Yet despite these similarities, there were striking differences between the expansion of cell clones in the normal oesophageal tissue and in OSCC. Normal and cancerous clones seem to be driven by mutations in different genes. NOTCH1 was the most frequently mutated gene in healthy oesophageal samples, whereas a previous study4 reported that NOTCH1 was mutated in only around 10% of OSCCs. Mutations in the cancer-promoting gene TP53 are found in more than 90% of OSCC cases4, but were present at a much lower frequency in normal oesophageal samples.

In normal cell clones, Martincorena et al. found that the prevalent mutational signatures (the type of nucleotide changes and the DNA context in which these occur) were typical of physiological processes, such as the mutational changes that occur over time owing to errors in DNA replication. By contrast, OSCC is dominated mostly by mutational signatures associated with mutation-causing agents, such as cigarette smoking, alcohol intake or an enzyme called APOBEC that can modify DNA5. Another hallmark of OSCC is chromosomal instability, which causes frequent gene loss or gain4. Martincorena and colleagues observed low levels of chromosomal instability in healthy oesophageal cells.

Yokoyama and colleagues’ results were similar to those of Martincorena and colleagues. Yokoyama et al. analysed 682 samples of healthy and cancerous oesophageal tissue from 139 individuals, who differed in their ages and risk of developing OSCC. To determine DNA sequences, the authors used a combination of approaches, ranging from the sequencing of whole genomes and whole exomes (protein-coding regions) to the resequencing of specific genes. They found mutations in normal tissue samples from people who had cancer and in samples from healthy individuals. The number of mutations in the normal oesophagus increased with age and exposure to known cancer-risk factors.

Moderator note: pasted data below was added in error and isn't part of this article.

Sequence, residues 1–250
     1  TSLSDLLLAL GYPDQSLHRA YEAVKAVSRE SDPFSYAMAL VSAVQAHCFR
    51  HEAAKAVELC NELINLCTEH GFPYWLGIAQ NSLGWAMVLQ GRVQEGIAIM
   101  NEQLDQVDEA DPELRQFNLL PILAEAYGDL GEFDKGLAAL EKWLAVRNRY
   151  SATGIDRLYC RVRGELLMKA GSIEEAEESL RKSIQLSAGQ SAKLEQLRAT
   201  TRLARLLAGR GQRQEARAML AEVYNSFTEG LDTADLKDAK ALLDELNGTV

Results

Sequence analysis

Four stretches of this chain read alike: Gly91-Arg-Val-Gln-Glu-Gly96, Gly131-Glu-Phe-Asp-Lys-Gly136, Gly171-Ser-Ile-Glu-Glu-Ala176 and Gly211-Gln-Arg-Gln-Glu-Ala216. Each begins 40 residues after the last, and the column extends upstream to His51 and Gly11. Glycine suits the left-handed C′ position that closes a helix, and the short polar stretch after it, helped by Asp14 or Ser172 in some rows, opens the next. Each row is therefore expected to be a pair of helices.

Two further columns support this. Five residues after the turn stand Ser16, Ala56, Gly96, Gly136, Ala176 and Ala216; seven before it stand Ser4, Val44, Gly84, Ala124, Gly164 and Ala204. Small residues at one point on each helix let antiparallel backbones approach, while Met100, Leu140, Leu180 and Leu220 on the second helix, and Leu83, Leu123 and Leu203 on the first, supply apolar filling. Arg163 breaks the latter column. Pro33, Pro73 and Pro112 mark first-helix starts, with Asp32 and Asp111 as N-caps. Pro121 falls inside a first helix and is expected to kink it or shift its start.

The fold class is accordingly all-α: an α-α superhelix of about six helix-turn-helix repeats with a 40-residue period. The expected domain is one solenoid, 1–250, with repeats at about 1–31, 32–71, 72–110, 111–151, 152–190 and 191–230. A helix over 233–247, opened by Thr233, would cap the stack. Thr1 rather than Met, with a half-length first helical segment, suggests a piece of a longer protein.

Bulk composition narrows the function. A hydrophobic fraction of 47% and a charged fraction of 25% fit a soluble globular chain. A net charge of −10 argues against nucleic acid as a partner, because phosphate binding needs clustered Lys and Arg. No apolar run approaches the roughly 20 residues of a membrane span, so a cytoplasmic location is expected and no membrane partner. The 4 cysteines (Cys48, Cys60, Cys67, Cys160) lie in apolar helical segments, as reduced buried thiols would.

Yokoyama et al. also observed most of the same differences between normal and cancerous cell clones as those noted by Martincorena and colleagues. Using two computational approaches, they identified 24 genes that were frequently mutated in the healthy and cancerous samples, but only 6 of these were altered in both. Consistent with the study by Martincorena and colleagues, Yokoyama et al. found that TP53 and NOTCH1 were the most commonly mutated genes in cancerous and healthy clones, respectively. The age-related mutational signature was prevalent in normal oesophageal cells, especially in individuals who were at low risk of developing OSCC. By contrast, mutational signatures associated with APOBEC activity or alcohol intake were prevalent in cancer samples and detectable in normal samples from individuals at higher risk of cancer. The authors detected few chromosomal alterations in normal samples and confirmed the high level of chromosomal instability in OSCC.

Both studies offer insights into the evolution of healthy tissues as people age, and prompt speculation about how this might relate to cancer. The clonal expansion of normal oesophageal cells after cancer-promoting genes have mutated seems to be necessary, but not sufficient, to drive cancer, so something else must happen to the cells for tumours to form. For example, gaining a large-enough number of alterations in cancer-promoting genes might be needed. In both studies, few of the mutations were present in all the cells of the normal clones, and many of the cancer-promoting mutations were often found in spatially distinct subclones. This suggests that none of the normal cells had acquired enough cancer-promoting alterations to start cancer formation.